Tucked away in an annex to the world's plan to end poverty, save the planet and ensure human rights for everyone - the United Nations’ Agenda 2030 - lies its most powerful phrase: "And we shall endeavor to help those farthest behind first". This concept is more radical than it first appears. Try explaining to a politician running for election that it's in her interests to focus on the minority first.
For UN development practitioners, whilst we are firm proponents of the indivisibility of all rights for all peoples at all times, rarely do we get the opportunity to start with those farthest behind or get to scale.
Yet 193 world leaders committed to this. Being "farthest behind" is of course relative. Even the most advanced democracies have unfinished business to deliver equality of opportunity to everyone. This was beautifully illustrated last year by women in Europe threatening to stop work for the year on 8th November, to draw political attention to persistent gender pay gaps.
The last two and a half decades witnessed enormous advances specifically in the rights of minorities. Outgoing UN Secretary General Ban Ki-moon leaves a rich legacy of championing lesbian, gay and transgender rights both globally and within the UN. The visionary Peter Piot convinced the world that HIV/AIDS could be eradicated and that those already infected with the virus had the right to be treated. His leadership, combined with powerful civil society activism, broke through the obstacles to make anti-retro viral medicines available to several million people. With the development of an ever richer body of international law, attitudes such as "society isn't ready" can more readily be challenged with "Mme Speaker, since your country is party to the Convention, how can we help you change that?".
But what happened to disability rights? The pathbreaking 2006 UN Convention on the Rights of Persons with Disabilities got off to a flying start, being the first UN Convention jointly developed by governments and disability groups. Yet despite constituting an estimated 15% of the world's population, and notwithstanding the determined efforts of several entities, it remains disappointingly (shockingly) rare to see people with a self-declared disability in the workplace.
The United Nations Volunteers (UNV) programme wants to change that. I have set as a personal goal for my tenure as a Deputy head of the Agency, to work with our 33 UN partner entities in order to embed meaningful onsite placements for [...] UN Volunteers with disabilities. What do they do? Well, it depends: as with any large group of professionals, would-be volunteers with disabilities have backgrounds and preferences unique to the individual. Several cannot meet UNV requirements of a master's education and several years of work experience, through lack of opportunity due to their disability. Selection criteria thus emphasize potential, perseverance, commitment to work with communities and local disability groups, as well as commitment to the values of volunteering as a means of transformational change for good.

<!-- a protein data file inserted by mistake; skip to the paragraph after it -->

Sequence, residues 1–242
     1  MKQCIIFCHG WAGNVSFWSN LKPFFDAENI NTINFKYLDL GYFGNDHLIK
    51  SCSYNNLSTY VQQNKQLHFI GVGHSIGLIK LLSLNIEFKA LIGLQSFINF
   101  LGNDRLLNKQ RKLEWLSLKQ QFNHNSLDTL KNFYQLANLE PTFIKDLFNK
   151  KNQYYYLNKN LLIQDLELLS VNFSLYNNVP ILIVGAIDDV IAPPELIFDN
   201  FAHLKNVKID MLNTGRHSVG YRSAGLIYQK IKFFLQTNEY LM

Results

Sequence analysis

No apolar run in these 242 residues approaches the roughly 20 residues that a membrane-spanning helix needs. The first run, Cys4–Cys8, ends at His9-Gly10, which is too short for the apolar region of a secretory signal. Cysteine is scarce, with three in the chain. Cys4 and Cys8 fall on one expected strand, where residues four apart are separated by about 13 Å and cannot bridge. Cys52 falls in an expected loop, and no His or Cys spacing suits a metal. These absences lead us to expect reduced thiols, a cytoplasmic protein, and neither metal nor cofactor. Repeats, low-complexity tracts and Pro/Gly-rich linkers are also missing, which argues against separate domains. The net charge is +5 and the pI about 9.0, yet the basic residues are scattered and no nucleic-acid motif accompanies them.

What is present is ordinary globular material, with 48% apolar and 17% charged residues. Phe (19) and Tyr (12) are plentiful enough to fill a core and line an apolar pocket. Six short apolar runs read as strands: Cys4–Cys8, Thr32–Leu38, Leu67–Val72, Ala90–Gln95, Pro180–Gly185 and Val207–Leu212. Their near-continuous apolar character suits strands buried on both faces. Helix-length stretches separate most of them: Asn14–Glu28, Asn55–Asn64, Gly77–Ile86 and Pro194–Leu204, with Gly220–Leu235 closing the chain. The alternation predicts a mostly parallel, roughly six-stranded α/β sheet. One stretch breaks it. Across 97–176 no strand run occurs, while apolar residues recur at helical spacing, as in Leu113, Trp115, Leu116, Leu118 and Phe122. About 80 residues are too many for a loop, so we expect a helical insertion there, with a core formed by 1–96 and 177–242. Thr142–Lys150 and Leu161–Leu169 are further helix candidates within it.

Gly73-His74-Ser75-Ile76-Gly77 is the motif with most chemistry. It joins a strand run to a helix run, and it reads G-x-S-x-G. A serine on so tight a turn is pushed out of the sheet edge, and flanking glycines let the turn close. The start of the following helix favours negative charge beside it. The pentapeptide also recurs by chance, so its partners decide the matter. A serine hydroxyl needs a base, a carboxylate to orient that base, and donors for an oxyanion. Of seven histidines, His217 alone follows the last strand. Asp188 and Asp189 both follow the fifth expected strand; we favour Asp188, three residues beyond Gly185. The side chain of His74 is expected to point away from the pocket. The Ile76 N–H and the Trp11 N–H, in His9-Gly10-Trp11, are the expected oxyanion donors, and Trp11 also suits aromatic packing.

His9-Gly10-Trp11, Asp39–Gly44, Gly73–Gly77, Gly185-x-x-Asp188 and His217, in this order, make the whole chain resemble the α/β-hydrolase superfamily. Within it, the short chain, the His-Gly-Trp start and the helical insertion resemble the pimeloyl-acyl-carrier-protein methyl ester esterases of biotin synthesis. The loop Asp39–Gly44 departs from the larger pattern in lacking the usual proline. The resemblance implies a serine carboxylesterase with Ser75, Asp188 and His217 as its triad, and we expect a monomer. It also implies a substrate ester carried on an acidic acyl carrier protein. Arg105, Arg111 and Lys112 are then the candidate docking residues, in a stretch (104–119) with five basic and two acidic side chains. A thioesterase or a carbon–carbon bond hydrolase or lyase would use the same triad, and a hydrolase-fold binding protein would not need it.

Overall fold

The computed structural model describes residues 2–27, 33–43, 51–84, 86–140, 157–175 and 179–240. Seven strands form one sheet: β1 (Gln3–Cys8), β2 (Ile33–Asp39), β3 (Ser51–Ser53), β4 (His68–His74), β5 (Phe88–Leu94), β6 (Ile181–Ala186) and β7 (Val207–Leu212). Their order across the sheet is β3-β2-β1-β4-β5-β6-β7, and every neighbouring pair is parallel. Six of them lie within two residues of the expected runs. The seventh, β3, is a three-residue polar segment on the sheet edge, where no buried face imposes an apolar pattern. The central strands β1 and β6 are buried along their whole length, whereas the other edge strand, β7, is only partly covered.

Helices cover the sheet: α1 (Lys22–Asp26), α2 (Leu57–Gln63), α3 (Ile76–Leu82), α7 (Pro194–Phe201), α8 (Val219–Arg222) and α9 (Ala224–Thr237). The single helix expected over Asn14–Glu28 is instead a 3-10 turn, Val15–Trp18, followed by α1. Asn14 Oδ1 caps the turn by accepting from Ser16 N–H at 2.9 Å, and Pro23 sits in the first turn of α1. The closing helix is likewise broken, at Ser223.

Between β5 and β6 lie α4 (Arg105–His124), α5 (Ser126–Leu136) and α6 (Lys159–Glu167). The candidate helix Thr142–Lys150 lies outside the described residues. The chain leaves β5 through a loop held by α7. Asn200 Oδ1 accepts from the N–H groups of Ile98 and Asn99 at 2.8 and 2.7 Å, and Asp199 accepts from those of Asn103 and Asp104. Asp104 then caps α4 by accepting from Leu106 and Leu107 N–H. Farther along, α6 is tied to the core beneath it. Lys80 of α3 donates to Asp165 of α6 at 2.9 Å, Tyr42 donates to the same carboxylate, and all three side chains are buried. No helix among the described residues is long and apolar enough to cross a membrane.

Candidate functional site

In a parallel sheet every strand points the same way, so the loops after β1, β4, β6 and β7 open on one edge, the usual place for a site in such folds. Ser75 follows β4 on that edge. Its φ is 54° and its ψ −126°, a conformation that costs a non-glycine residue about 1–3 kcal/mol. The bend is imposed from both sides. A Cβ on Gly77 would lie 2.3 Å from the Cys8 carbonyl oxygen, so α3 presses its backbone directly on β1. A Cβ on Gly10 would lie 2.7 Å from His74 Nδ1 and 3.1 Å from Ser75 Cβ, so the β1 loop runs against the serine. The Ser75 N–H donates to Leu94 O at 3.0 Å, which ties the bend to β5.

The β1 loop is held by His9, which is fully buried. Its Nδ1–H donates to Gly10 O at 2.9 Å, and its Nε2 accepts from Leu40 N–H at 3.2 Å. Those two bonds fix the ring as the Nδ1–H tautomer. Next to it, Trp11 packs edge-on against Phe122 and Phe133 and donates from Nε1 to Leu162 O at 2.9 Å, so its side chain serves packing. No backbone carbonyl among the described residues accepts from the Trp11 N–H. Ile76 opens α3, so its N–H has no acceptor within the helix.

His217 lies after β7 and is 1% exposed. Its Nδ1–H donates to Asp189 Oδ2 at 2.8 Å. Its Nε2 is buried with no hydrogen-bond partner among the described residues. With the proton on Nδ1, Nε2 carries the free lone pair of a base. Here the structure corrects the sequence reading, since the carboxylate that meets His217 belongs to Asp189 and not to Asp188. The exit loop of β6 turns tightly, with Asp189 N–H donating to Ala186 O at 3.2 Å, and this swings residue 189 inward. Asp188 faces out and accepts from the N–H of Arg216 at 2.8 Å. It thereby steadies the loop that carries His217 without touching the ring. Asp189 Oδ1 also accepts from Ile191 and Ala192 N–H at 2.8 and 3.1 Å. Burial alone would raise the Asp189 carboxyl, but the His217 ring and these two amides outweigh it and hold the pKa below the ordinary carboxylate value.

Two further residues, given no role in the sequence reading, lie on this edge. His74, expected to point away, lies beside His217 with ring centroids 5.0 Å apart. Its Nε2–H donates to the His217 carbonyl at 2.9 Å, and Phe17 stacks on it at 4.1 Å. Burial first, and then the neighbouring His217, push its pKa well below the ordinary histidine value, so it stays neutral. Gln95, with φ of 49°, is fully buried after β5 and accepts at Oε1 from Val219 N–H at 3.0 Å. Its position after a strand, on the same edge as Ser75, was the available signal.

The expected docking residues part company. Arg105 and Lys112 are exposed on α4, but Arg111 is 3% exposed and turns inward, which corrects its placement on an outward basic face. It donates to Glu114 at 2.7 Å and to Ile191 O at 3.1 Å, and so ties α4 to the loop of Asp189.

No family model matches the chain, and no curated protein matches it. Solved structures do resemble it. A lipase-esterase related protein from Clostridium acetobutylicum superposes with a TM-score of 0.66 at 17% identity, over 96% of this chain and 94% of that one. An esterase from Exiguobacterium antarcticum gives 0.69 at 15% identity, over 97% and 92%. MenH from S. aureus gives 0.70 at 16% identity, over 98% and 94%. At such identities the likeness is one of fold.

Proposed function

What will it take for UN Volunteers to achieve my admittedly ambitious goal? Honestly - we don't know. But we are determined to learn. An internal organization-wide "Enabling Excellence Team" mirrors our well-established Gender Action Team in analyzing, proposing and acting upon the several queries, options and corporate modifications that are coming thick and fast as we plan the deployment of our first international UN Volunteer with disabilities, and negotiate several more deployments with partners.
The courageous lady currently preparing to cross continents and overcome (sign)language barriers will tell her own story as UNV's first onsite volunteer with a self-declared disability, joining other volunteers with disabilities already active on our UNV Online Volunteering service. If the journey of a thousand miles begins with a first step - well, she represents UNV's own first step.
'End polio' has taken the best part of 30 years. 'End stigma' can surely be faster.
Nicola Harrington-Buhay, Deputy Executive Coordinator for Volunteer Mobilization and Programme, is an expert in human rights, development and public administration. Having worked with the Bank of England, the Organization for Economic Cooperation and Development and the United Nations, in four continents, she is a firm believer in the value of Volunteering as a means to leverage relevant knowledge wherever it sits - and to reach the farthest behind.